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Unreal Engine games no longer owe royalties on their first $1M in revenue

(Image credit: Epic Games)
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On top of unveiling Unreal Engine 5 today (opens in new tab), Epic Games announced that developers who build games with the Unreal Engine will no longer pay royalties on their first $1 million in revenue.

The Unreal Engine (opens in new tab) has been free for anyone to use for a while, but until this change, 5 percent royalties were due on commercial Unreal Engine games once they made $3,000 in a quarter. This new $1 million threshold in is measured in lifetime revenue.

It isn't too complicated, but for example, a game which made $2 million in gross revenue would owe Epic Games $50,000, because it would pay 5 percent of $1 million, keeping the first million entirely—minus whatever other fees are owed, such as Steam's cut. (For revenue earned on the Epic Games Store, Epic still waives the five percent royalty fee entirely, so devs just owe the 12 percent Epic Store distribution fee.)

For comparison, Unity (opens in new tab) doesn't draw any royalties from commercial games. Instead, the engine maker charges $1,800 a year for Pro license, which is required for Unity installations in companies that have brought in $200,000 or more revenue or funding in the past 12 months. The Unity Pro license also includes source code access and other features not available in Unity's free versions.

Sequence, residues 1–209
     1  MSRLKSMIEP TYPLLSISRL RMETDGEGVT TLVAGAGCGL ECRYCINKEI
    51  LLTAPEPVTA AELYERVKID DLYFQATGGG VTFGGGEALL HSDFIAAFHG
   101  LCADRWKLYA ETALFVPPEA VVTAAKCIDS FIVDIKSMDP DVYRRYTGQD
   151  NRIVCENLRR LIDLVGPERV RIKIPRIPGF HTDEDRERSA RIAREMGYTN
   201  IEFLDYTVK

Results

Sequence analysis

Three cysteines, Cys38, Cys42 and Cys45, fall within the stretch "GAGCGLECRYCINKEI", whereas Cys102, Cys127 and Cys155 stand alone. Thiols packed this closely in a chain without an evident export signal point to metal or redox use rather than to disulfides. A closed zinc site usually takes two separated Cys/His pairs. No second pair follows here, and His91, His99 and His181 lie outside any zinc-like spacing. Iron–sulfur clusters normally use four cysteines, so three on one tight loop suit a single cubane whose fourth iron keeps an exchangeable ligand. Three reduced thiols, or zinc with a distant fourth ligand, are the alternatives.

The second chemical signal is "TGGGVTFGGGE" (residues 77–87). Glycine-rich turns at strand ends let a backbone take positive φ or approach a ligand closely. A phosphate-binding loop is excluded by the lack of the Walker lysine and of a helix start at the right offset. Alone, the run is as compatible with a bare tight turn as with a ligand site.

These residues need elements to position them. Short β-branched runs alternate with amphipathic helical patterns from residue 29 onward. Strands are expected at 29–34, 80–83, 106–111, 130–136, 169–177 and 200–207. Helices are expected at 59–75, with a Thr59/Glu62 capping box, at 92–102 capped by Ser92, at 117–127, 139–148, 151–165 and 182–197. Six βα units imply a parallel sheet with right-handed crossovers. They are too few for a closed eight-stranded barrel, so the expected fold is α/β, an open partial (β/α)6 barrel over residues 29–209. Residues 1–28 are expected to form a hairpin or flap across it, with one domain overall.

This change to Epic's royalty model is retroactive to January 1, and you can see more about how Unreal Engine royalties work here (opens in new tab).

Unreal Engine 5 will release next year, and like the latest version, will be free to use. The royalty scheme announced today will apply to all versions of the engine, and when the time comes, games made in Unreal Engine 4 can be moved to UE5—more details on that announcement here.

Tyler grew up in Silicon Valley alongside Apple and Microsoft, playing games like Zork and Arkanoid on the early personal computers his parents brought home. He was later captivated by Myst, SimCity, Civilization, Command & Conquer, Bushido Blade (yeah, he had Bleem!), and all the shooters they call "boomer shooters" now. In 2006, Tyler wrote his first professional review of a videogame: Super Dragon Ball Z for the PS2. He thought it was OK. In 2011, he joined PC Gamer, and today he's focused on the site's news coverage. After work, he practices boxing and adds to his 1,200 hours in Rocket League.